In one sense, at least, the dog has something in common with his master. At home, away from the professional demands of being a footballer with the champions of England, Bernardo likes to save on energy too. “Every time I leave a training session or a game and go home, I try to forget football,” he admits. “I try to not watch many games at home. I spend time with my family and my friends; with my girlfriend and my dog.”
Rather than watch football, he likes to cook – “I’m a good cook but I only make simple, easy and healthy dishes,” he says – and during the first Covid-19 lockdown, he took up a fresh hobby in learning the piano, though he has let that slip of late. “I don’t know why but I stopped and I need to start playing again because I’ve forgotten almost all of it!
“Before Covid-19 I’d try to travel,” he goes on. “If I had a day or two off, I’d go to London or hop on a plane and go to someplace close, like Paris or somewhere similar. Now, unfortunately, I can’t do that because we can’t travel, but I try to distract myself and take advantage of everything outside of football.”
If this all suggests an openness, a curiosity about life, the perception would not be misplaced. City insiders say the very same about the Bernardo they see here each day: a bright and chatty 27-year-old with a gift for languages and a love of a joke, who cuts across the different groups that naturally form in a large multinational squad of footballers.
It is not the sole reason why he is one of the most respected players at City. There is his contribution on the field too, where he is similarly intelligent and versatile. This is a player who spent much of his first three years in Manchester playing as an inverted winger, a left-footed forward stepping in from the right.
At times last season, he took on the role of a false nine during the prolonged absences of the now departed Sergio Agüero. This year, with record-signing Jack Grealish added to City’s wide attacking options, Bernardo has stepped back into midfield, operating in a No8 position from which he moves forward with Kevin De Bruyne to form an attacking quintet whenever City advance. A notable exception was the September league win at Chelsea, when he played as a holding midfielder alongside Rodri – albeit still finding the energy to make penetrating runs upfield.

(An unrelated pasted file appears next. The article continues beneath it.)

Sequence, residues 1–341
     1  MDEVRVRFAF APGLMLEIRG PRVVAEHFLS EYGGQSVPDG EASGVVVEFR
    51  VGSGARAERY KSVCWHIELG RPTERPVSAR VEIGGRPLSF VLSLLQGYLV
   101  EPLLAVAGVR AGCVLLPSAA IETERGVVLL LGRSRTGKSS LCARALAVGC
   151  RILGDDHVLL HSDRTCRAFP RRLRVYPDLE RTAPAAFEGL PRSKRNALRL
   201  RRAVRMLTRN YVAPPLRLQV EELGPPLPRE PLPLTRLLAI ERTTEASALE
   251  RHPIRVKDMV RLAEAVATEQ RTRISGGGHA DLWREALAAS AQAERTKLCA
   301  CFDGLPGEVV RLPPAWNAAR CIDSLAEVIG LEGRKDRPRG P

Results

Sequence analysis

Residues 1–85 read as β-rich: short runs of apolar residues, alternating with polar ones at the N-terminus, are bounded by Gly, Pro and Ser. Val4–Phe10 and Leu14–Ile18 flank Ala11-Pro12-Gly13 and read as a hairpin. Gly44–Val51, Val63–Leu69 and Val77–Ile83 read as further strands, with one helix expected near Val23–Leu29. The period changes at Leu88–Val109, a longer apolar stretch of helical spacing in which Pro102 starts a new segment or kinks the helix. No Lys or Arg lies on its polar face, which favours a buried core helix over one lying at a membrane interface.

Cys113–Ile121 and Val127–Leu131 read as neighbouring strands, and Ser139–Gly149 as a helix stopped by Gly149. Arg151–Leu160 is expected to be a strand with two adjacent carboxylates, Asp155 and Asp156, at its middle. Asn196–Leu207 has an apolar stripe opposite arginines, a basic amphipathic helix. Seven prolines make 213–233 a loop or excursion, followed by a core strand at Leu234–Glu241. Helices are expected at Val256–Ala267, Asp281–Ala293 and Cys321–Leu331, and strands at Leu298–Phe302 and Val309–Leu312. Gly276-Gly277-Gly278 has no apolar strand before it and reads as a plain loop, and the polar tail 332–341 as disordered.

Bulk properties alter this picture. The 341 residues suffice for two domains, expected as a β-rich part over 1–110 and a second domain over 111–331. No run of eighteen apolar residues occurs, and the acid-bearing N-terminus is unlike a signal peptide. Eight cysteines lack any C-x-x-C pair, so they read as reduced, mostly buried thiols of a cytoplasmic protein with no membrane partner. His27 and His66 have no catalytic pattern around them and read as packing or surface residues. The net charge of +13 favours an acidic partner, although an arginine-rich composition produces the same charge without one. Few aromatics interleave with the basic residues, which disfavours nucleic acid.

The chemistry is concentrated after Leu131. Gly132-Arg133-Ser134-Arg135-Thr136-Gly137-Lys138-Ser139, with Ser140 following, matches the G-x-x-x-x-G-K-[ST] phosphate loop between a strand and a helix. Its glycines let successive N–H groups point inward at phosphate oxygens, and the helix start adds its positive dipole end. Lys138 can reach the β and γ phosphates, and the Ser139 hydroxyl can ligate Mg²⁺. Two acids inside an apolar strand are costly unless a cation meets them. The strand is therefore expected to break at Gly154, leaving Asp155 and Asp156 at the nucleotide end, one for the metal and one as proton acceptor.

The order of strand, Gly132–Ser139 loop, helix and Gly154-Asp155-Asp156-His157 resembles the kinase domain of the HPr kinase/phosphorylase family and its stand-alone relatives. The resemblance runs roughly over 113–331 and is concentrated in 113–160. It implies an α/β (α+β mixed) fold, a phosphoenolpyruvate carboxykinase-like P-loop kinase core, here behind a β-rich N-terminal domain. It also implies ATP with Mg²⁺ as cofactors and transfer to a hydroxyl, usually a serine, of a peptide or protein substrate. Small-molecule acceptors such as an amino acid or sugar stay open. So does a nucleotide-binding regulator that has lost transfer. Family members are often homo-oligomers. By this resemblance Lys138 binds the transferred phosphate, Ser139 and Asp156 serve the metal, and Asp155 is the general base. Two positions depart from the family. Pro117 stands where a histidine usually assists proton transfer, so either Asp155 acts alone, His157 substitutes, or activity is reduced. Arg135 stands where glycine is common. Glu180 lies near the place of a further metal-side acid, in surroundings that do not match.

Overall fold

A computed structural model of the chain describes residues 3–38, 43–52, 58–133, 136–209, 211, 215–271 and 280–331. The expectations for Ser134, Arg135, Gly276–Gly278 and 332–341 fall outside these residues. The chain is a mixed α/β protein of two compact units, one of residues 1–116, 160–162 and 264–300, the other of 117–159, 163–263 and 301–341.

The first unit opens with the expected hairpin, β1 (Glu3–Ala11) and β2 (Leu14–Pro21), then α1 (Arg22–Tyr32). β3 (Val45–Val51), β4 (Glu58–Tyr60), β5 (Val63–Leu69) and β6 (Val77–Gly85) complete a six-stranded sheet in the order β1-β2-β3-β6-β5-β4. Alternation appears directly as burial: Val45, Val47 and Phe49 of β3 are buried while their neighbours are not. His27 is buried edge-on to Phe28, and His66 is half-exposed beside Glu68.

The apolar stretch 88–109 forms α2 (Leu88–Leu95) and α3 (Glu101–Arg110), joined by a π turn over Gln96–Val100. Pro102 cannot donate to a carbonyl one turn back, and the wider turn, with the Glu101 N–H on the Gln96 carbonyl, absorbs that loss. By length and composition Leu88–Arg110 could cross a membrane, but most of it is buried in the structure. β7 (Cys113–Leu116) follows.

“When I go home, I try to forget about Football. I try to distract myself and take advantage of everything outside the Game”
“Obviously, every player has different characteristics and I play better in some positions than others,” he says of his flexibility at City. “On the one hand, it’s good to be able to play in many positions. On the other hand, it’s very difficult because you lose your [usual] routines. When you have the routine of playing in the same position every week, it gets easier and you end up performing better. But, of course, I believe that a player who understands the different phases of the game can play in various positions – in any position.” And does he have a favourite? He offers a diplomatic response. “I prefer not to say it but I do, of course.”
Some argue that his current midfield role is his best because he seldom gives the ball away – a trait he shares with City’s original Silva, David, now immortalised in the form of a statue outside the club’s ground. If Phil Foden was once considered the Spanish Silva’s heir apparent, the young Englishman is now blossoming higher up the pitch, leaving Bernardo to stitch passing patterns further back.
For the record, Bernardo feels David Silva was “underappreciated” – even with that statue – because “nowadays people, unfortunately, look a lot at goals and assists instead of looking at the game”. As for Bernardo himself, whose future at City had a question mark beside it not so long ago (amid suggestions he was seeking a return to southern Europe), he is more appreciated now than ever.
Turning back the clock to where it all began for Bernardo and the Sky Blues, David Silva was on the opposing side when he first played at the City of Manchester Stadium almost five years ago. Then, Bernardo was in the red and white of Monaco for a storming Champions League round of 16 first-leg tie in February 2017. “A bit of a crazy game” is how he describes a contest in which Monaco led 2-1 and 3-2 before eventually succumbing 5-3. “It was a match that created a desire in me to play in the Premier League, to play in England and, at the end of the season, City asked me if I wanted to come here. I think it was an easy answer because in that match I got a taste of the atmosphere, the way football is experienced in England.”